February 6, 2003
Parents urged to use, check car seats during National Child Safety Passenger Week
By Jim Albritton
Health and Research News Service
JACKSON, Miss.—Car accidents are the leading cause of death for children ages 4 to 14 and the leading cause of brain injury for all age groups. In an effort to reduce these types of injuries, Think First, Methodist Rehabilitation Center’s statewide safety and injury prevention program, joins with other organizations during Child Passenger Safety Week, Feb. 9-15, to remind parents to protect their children while on the road.
Sammy Safety, Methodist Rehab’s injury prevention mascot, will join with Child Safety Programs for car seat checks at two Jackson hospitals. Checks will be held at the Winfred L. Wiser Hospital for Women and Infants on the University of Mississippi Medical Center campus on Wednesday, Feb. 12 from 10 a.m. to noon and at Woman’s Hospital on Thursday, Feb. 13 from 2 p.m. to 5 p.m.
The proper passenger restraint is important for everyone, but especially for children, Dr. Rahul Vohra, medical director at Methodist Rehabilitation Center, said.
“Children need more protection because their skulls are more fragile, their heads are proportionately larger, their rib cage is thinner and they are not nearly as tall,” said Dr. Vohra. “And often parents who use child safety seats use them incorrectly. It is estimated that between 80 to 90 percent of child safety seats aren’t properly installed.”
Trained car seat technicians with Child Safety Programs will conduct the checks.
“It’s not just enough to have a car seat. You have to be sure that the seat is the proper size for your child and that it’s installed in the vehicle correctly. With the wide variety of seats on the market, that can sometimes be confusing. These checks are done by trained technicians who know what to look for,” said Lisa Uzzle Gates, Think First coordinator for Methodist Rehab.
Lisa Valadie, Rankin county paramedic and Child Safety Programs education director, said many injuries and deaths could be prevented with the proper use of child safety seats. It’s best if parents bring the children with them for the checks. If they can’t bring their child they will be asked to watch a five minute video on car seats, Valadie said. Child Safety Programs will also check for seats that have been recalled and give parents seats if they don’t have one.
“We see kids who are severely injured or killed, and so many times it could have been prevented. The biggest problem we see are the older kids, ages four to eight years, who aren’t in booster seats. They need to be in booster seats until they are about 4’9 so the shoulder belt will fit properly,” Valadie said.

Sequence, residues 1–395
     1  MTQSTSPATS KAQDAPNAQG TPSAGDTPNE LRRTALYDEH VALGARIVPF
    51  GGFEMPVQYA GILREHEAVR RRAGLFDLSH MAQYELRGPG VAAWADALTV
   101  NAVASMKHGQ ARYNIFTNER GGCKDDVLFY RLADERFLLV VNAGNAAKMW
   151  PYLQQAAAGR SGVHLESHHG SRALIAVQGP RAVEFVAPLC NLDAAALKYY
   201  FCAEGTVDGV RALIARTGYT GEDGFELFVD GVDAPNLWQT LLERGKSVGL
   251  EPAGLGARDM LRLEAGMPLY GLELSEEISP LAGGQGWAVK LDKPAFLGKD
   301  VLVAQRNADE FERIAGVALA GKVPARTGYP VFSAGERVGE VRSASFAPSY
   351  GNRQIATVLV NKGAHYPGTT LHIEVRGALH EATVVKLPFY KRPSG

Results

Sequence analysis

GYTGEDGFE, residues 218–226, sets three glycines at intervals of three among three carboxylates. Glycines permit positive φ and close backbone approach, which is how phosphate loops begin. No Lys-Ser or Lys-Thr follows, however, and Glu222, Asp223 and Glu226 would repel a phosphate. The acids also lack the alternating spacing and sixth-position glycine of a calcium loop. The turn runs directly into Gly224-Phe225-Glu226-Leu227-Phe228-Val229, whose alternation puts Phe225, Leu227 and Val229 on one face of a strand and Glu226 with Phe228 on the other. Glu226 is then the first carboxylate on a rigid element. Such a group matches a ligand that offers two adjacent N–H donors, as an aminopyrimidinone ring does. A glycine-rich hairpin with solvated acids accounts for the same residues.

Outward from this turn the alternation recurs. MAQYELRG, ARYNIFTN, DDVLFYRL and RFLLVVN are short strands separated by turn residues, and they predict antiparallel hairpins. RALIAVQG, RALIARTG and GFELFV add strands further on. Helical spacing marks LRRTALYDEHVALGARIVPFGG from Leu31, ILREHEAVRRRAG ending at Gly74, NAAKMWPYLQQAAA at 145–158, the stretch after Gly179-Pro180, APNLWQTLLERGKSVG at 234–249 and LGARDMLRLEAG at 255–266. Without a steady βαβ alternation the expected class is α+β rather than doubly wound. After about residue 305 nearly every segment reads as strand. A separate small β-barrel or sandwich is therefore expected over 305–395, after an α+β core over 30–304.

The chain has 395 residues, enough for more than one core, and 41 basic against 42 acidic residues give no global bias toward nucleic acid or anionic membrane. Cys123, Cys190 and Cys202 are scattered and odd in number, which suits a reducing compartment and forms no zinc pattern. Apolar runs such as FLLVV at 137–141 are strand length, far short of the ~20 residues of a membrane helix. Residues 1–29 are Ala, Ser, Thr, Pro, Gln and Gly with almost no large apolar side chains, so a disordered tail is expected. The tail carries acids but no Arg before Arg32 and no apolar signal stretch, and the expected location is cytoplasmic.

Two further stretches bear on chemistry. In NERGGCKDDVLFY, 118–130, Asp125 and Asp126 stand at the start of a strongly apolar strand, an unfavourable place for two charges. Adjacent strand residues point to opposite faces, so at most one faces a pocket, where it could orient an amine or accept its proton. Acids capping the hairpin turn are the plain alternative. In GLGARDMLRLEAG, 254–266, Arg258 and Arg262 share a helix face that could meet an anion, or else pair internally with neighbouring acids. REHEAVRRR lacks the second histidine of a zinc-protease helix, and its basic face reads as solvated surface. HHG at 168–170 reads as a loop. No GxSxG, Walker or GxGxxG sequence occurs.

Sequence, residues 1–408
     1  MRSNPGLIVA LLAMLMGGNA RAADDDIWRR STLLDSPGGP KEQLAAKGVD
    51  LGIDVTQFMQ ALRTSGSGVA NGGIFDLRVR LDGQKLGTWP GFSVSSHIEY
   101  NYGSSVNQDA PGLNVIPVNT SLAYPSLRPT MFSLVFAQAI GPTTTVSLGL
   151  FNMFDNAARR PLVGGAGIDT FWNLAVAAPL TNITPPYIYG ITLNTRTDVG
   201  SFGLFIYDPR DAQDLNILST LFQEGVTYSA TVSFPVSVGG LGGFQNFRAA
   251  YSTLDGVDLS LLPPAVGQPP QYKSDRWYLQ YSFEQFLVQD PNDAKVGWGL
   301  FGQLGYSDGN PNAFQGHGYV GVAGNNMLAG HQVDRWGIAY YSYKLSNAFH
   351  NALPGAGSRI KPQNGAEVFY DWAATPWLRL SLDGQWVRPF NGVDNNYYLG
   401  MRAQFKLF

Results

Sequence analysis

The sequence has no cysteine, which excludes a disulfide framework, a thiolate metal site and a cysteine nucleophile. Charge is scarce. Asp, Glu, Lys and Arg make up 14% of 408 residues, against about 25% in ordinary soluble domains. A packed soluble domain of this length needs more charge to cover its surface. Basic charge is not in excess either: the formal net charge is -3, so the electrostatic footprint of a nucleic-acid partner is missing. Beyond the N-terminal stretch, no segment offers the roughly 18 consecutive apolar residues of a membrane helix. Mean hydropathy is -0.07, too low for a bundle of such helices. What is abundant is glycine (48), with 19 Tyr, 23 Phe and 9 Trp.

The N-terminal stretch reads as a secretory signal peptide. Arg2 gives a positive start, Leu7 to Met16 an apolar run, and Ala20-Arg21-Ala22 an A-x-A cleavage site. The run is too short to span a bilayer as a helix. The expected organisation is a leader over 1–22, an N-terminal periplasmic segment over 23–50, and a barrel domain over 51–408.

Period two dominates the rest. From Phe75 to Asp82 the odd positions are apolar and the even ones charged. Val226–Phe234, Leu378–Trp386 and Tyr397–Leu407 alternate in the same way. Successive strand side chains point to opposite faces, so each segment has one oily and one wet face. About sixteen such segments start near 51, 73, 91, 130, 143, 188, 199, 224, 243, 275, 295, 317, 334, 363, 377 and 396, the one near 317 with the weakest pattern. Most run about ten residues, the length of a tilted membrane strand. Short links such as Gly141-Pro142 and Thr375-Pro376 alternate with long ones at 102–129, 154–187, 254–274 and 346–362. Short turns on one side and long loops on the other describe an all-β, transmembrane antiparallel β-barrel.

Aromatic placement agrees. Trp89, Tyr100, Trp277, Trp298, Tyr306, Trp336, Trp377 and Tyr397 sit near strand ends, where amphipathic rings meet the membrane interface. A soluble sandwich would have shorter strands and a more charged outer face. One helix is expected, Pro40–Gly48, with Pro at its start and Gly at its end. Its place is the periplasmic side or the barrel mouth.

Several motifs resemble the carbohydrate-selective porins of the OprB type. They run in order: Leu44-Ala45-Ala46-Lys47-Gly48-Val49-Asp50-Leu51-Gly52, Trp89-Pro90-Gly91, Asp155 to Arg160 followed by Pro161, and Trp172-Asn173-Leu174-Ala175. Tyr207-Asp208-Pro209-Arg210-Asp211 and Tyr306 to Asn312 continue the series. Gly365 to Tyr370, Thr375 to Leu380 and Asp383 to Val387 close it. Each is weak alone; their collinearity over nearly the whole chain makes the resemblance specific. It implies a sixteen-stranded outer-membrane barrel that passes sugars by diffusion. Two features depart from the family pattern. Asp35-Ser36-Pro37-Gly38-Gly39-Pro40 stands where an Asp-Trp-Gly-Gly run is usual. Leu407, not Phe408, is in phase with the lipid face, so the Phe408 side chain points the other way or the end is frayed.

Each year an estimated 500,000 people sustain brain and spinal cord injuries in the United States. The most frequent causes of these injuries are automobile crashes and children and teens are at high-risk for these devastating injuries. More than half of the children under 15 who were killed in car crashes in 2000 were not restrained.
“Car seats are a perfect example of the Think First message—simple measures that save lives and prevent devastating injuries. No one wants to see their child in a wheelchair, or with a brain injury, because they choose not to put them in a car seat,” Gates said.
Child passenger safety tips include:
- All children should be placed in child safety seats, booster seats or seat belts—every time they ride in a car or truck.
- Children 12 and younger should be buckled up in the back seat.
- Infants must be placed in rear-facing seats until they are at least one year old and 20 pounds.
- Children between 20 and 40 pounds should be placed in forward-facing safety seats.
- When your child outgrows his or her forward-facing safety seat, use a booster seat until your child is at least 8 years old or over 4-feet 9-inches tall.
- Seat belts alone are made for adults. A booster seat raises a child up so the seat belt fits.
- Children who have outgrown booster seats should always use seat belts and parents should buckle up.
The Think First program is aimed at young children and teenagers and tries to prevent spinal cord, brain and other traumatic injuries by focusing on automobile, bicycle, firearm, boat, swimming and diving safety.
“Our Think First team, along with physicians, nurses and physical therapists do all they can to prevent traumatic, often life-changing injuries,” said Dr. Vohra. “They work closely with schools, fire and police departments, and other health care professionals to encourage children to always think first about safety and injury prevention.”
For more information:
Child passenger safety stressed | The Clarion-Ledger